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Due to the value of the rocks, RNC has now increased its security at the mine. The miners are being closely watched by CCTV cameras, and the shaft has been cordoned off and secured with a lock. The gold itself is being kept in a vault, and its transportation is being conducted under the protection of armed guards. The company now intends to auction the specimen stones.

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“Given the rarity of the rock, and the physical beauty and presentation of the gold that’s there, it’s a very spectacular stone in multiple ways. So we’ll see whether 20, 30 or even 50 per cent premiums apply here,” Selby told ABC News. “We’re really looking forward to auctioning the key stones off over the coming weeks… There’s a pretty select group of collectors who this would appeal to.”

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Meanwhile, it is unclear whether the mine will now be sold. “When we started the sale process it wasn’t because we don’t like the asset,” said Selby. “We always believed that it had the potential to become a multi-hundred-thousand-ounce mine, [but] we just weren’t able to raise the capital required to do the exploration drilling.”

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However, that sale process now appears to have been put on hold. “Given the significance of this discovery to the exploration potential and value of Beta Hunt, RNC has decided to consider all alternatives, including a sale,” said RNC in a statement.

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Whatever the company decides to do next, the bonanza has been a boon for its shareholders. According to mining.com, a website specializing in global mining news, RNC’s shares “were off to the races” following the discovery. In fact, shares climbed by 80 percent when trading opened in Toronto on September 10.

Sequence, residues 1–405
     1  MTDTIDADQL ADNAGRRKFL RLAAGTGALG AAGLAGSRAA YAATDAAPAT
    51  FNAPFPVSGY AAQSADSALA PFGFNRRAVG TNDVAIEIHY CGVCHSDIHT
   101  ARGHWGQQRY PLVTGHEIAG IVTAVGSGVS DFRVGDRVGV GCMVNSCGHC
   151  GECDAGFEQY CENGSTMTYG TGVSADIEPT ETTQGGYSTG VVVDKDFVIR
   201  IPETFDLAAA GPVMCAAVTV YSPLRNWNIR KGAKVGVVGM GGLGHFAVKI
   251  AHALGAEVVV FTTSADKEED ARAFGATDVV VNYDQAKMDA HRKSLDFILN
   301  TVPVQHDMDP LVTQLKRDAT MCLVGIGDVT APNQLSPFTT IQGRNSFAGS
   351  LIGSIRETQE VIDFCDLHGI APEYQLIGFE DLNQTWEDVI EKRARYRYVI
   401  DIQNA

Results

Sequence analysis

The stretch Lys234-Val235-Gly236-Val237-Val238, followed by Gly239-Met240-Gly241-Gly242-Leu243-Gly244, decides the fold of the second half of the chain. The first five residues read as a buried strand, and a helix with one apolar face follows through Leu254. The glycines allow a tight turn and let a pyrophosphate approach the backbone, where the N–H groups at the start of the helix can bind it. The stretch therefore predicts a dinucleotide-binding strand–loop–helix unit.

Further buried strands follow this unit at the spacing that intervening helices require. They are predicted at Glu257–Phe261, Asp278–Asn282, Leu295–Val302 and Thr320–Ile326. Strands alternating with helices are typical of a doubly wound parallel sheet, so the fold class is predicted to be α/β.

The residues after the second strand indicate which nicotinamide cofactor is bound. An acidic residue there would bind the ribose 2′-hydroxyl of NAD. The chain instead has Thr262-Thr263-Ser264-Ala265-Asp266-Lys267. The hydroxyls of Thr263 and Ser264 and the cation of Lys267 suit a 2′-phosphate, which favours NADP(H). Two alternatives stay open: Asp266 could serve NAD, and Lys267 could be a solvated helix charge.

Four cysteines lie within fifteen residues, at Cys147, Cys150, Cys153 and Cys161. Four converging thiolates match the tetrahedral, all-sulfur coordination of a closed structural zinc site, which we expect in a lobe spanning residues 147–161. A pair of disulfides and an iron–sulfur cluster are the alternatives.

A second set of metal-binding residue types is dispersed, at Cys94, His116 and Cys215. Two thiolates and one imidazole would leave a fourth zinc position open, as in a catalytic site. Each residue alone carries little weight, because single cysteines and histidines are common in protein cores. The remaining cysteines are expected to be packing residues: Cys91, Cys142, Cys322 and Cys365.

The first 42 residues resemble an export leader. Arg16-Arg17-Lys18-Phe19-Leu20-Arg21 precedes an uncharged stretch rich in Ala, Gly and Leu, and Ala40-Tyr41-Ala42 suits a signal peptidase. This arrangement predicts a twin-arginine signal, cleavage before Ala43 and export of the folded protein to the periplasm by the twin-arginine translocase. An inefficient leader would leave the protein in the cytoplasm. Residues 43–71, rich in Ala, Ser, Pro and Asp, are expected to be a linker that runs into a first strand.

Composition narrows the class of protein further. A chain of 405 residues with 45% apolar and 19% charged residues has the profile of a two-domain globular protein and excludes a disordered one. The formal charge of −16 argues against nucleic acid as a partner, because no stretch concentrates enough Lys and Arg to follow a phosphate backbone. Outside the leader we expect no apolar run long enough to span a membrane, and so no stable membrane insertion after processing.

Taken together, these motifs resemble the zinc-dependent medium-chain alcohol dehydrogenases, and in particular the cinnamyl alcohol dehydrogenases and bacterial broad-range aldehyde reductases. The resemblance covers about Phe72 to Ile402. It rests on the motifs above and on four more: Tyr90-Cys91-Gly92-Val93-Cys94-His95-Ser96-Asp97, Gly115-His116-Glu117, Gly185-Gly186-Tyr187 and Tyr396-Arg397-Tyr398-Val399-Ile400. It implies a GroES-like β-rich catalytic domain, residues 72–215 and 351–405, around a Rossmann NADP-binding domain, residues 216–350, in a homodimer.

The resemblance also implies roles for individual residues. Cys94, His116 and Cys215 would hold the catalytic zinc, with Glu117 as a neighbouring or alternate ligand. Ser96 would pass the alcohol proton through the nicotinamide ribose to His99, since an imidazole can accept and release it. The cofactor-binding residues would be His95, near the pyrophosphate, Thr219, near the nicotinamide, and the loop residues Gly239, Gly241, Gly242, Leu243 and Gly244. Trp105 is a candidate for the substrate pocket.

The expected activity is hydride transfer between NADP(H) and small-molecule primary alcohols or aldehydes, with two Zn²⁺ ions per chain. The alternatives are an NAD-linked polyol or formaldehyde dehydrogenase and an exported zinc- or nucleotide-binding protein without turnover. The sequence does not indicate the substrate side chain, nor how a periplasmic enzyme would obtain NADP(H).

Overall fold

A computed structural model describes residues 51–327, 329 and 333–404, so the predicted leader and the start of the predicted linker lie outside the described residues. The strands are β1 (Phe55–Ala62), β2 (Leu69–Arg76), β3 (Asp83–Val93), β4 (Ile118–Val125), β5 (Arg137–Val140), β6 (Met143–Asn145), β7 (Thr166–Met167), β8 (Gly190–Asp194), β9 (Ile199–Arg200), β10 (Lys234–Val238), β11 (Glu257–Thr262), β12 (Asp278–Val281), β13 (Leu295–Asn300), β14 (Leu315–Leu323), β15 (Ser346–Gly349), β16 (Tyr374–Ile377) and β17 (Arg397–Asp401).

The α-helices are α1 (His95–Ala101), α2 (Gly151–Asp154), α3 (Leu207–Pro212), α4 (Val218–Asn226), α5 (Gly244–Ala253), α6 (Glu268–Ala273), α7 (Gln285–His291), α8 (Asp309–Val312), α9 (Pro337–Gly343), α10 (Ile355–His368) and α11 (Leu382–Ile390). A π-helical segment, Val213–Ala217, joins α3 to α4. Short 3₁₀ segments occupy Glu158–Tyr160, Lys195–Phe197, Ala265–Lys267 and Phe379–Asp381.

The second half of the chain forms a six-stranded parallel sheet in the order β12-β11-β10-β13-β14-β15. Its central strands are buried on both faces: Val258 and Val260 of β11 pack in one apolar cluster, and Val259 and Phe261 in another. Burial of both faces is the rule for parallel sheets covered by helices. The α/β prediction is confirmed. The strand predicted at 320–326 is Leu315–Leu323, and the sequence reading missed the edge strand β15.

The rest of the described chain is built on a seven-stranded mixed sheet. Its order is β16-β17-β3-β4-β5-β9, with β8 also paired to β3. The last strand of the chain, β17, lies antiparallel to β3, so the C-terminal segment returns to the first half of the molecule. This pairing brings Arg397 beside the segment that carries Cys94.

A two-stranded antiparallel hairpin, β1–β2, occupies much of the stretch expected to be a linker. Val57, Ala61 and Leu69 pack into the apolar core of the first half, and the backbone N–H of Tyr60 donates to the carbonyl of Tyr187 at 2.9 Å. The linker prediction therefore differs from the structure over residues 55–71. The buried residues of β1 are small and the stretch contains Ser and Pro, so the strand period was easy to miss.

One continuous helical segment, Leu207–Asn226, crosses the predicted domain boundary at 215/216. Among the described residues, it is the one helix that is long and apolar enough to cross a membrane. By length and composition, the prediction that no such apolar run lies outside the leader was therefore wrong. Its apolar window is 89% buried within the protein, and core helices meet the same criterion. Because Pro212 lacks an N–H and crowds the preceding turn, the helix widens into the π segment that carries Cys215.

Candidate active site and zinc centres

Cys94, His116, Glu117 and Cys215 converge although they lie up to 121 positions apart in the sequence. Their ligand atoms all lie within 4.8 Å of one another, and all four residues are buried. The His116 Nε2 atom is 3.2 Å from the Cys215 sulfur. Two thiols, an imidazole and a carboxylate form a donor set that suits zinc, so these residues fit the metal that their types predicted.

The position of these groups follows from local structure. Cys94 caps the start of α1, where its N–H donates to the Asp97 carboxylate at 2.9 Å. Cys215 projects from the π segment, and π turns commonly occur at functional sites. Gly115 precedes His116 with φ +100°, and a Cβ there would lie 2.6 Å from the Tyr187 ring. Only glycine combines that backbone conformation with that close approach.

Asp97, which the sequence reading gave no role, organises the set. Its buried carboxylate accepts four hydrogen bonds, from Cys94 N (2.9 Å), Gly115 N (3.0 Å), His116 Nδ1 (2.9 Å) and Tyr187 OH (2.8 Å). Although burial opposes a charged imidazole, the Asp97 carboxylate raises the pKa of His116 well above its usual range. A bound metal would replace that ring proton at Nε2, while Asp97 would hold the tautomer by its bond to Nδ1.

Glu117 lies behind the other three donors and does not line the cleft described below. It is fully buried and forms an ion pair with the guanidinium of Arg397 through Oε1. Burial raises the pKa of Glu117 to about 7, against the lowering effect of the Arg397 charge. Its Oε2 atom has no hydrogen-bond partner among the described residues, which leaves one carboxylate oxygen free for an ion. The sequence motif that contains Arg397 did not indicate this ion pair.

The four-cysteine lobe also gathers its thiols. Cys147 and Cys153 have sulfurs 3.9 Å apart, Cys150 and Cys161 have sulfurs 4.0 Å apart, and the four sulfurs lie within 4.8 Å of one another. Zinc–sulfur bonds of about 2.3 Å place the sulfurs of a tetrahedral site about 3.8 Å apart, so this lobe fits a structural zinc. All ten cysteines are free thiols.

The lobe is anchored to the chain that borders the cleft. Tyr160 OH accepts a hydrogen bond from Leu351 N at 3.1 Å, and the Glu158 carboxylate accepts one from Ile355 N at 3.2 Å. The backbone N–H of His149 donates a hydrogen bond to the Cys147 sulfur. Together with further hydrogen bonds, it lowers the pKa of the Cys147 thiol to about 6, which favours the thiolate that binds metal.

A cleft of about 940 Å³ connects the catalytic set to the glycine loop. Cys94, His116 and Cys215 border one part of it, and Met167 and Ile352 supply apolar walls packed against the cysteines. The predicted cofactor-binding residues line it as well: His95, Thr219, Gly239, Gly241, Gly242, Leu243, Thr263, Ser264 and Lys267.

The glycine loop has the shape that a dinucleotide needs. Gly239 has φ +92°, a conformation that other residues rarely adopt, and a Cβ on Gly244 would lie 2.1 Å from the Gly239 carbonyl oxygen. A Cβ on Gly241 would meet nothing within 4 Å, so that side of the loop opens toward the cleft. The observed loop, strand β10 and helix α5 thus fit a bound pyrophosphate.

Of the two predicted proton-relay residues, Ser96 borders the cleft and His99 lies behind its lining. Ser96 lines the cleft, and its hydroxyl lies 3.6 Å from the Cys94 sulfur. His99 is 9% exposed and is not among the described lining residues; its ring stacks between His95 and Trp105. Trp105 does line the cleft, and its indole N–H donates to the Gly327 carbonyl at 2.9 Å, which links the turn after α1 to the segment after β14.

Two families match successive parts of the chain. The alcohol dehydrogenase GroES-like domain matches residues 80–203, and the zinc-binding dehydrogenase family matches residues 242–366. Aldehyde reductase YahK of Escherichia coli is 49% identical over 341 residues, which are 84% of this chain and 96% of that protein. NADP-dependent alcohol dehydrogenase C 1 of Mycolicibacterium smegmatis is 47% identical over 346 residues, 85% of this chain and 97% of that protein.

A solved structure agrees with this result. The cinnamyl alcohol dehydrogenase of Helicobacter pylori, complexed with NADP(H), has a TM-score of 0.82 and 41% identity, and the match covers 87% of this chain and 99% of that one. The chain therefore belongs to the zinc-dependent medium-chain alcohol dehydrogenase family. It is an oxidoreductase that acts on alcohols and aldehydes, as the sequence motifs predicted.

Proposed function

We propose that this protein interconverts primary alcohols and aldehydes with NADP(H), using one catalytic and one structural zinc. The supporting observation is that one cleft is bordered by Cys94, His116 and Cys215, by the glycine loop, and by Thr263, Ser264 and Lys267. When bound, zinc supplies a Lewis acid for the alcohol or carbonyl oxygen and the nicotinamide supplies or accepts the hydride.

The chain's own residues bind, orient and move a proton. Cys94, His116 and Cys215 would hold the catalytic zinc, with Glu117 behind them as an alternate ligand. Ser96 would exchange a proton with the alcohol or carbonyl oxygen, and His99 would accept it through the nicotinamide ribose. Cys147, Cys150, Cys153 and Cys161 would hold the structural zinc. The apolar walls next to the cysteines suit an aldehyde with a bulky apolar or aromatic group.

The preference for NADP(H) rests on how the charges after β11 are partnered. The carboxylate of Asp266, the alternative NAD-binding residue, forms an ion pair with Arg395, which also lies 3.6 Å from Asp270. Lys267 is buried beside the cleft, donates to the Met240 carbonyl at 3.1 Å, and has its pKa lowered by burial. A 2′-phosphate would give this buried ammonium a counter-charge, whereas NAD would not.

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And the community of Kambalda, too, could be a big winner. “It’s no secret we were looking down the barrel for a while, but with this, it’s picked everyone’s morale up,” Dole told ABC News. “It’s good for the town, the mine life, all of that. I truly believe there’s something bigger and better down there… I reckon we’re just on the fringe of it… and if we get deeper, I reckon we’ll find more.”

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Indeed, on September 16 RNC announced the discovery of yet another specimen stone. Weighing 95 pounds, the $1.3 million stone contains approximately 1,100 ounces of gold. With any luck, then, Kambalda may be set for boom times.